I always chuckle a little when people ask me about my “career plan.” I’ve had a varied career– made several significant changes in role and focus. But there wasn’t a lot of planning involved.
Well actually there wasn’t any planning really. What there was, was a lot of gradual evolving and (sometimes very happenstance) networking. And lots of being in the right place at the right time.
And, there has been an unbroken safety net positioned squarely underneath every one of my career moves.
I’ve been fortunate in that I’ve always been in a position to move from one job to the next without a gap– without unemployment. And I should also acknowledge that I have the good fortune to never have had a job that was so stifling or unpleasant that I felt I just had to escape regardless of the risks.
But I would be lying if I said I’ve never been tempted. There have been lots of times when I have fantasized about walking away and winging it. Times when I’ve thought “what if…”
But I’ve never had the courage to jump without a net. The closest I ever came was leaving a full-time, “permanent” teaching position for a part-time term position with an employer I considered more desirable. But even then I was going directly from one paycheque to another. One pension plan to another. One benefits package to another.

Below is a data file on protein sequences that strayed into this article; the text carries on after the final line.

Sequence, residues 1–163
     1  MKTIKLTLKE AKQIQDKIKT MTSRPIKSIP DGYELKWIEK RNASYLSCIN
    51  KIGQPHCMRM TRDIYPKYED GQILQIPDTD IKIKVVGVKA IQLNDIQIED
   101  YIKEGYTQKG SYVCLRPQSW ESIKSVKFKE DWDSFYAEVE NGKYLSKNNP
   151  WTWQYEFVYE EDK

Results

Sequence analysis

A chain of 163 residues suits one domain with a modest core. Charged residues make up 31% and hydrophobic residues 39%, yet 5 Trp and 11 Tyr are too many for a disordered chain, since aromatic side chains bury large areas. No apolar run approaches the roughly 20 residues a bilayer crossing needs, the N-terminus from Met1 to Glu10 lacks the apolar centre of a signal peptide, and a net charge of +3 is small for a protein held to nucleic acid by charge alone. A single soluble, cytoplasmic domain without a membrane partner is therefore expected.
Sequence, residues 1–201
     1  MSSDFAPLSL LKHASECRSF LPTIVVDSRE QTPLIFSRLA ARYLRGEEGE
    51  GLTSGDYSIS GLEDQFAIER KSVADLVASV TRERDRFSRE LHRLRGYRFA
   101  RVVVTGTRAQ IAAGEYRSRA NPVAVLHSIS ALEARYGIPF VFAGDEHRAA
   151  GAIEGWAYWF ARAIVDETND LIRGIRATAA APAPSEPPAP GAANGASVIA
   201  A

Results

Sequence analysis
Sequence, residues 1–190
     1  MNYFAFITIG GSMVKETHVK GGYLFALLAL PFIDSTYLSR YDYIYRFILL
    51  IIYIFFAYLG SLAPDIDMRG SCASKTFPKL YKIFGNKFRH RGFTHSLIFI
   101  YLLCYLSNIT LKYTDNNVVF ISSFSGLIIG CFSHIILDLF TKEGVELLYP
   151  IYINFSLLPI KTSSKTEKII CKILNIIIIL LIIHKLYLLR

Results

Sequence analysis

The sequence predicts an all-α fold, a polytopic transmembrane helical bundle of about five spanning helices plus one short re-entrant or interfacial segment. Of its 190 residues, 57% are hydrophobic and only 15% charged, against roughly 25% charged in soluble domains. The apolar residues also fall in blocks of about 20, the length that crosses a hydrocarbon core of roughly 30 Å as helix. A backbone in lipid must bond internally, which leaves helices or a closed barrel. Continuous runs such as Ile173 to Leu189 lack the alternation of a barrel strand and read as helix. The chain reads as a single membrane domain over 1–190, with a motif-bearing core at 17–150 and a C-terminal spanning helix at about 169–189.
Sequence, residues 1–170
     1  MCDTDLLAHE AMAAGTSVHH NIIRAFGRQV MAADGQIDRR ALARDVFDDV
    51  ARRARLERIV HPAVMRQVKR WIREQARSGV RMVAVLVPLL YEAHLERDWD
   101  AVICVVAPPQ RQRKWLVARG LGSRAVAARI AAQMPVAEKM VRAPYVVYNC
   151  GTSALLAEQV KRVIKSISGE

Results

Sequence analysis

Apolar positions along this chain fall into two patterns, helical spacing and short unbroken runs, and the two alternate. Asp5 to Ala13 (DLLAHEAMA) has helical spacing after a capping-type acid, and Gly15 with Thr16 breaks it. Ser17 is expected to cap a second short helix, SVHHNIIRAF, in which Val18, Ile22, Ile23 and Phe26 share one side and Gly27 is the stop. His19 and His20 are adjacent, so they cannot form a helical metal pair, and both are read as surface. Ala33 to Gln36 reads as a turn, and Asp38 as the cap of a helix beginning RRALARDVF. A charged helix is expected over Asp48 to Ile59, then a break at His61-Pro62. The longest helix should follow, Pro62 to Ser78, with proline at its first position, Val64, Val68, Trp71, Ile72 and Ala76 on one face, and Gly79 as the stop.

You get the idea.
Once in a while I catch myself dreaming about going out on my own. Freelancing. Consulting. Being my own boss.
I know people who’ve done it– who do it very successfully. I know it can be done.
But I always stop short of giving up the net. When you get to my age, a good pension plan can be pretty addictive.
The good news is that, notwithstanding the fact that every job has its ups and downs, I actually like where I work right now. Fortunately I am in a job that has enough change built right into it to satisfy my endless craving to learn new things.
I don’t know who it was that originally said, ““Change happens when the pain of staying the same is greater than the pain of change.” Perhaps I’ve never had the courage to just plain quit any job because I’ve never had a job that was that kind of painful. I know I should be grateful for that. Because I know people who have reached that kind of breaking point in their work life and have had to make the leap–without a net–for the sake of their own well-being and personal integrity.
I still think it takes guts to jump overboard, even if you are convinced the ship is sinking!
A couple of months ago Marina Shifren resigned from her job with a video that went viral. Now that’s what I call jumping without a net.